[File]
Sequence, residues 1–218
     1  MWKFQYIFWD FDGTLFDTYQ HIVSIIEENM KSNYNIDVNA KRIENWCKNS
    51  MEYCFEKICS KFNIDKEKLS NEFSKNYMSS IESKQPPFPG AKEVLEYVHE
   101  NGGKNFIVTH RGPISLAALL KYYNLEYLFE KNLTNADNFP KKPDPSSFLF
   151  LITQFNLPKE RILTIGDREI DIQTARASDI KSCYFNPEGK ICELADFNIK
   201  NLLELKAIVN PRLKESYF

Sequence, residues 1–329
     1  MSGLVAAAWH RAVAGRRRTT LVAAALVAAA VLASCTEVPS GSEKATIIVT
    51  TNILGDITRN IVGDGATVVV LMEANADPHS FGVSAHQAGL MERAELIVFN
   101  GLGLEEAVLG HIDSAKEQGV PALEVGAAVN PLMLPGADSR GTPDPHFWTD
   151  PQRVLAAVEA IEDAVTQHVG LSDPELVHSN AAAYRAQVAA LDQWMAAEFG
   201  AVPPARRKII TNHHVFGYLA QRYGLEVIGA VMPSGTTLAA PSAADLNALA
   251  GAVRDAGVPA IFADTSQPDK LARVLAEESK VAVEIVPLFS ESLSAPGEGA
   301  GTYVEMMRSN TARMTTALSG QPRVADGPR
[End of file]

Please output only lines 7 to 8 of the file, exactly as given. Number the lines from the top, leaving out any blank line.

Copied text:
Sequence, residues 1–329
     1  MSGLVAAAWH RAVAGRRRTT LVAAALVAAA VLASCTEVPS GSEKATIIVT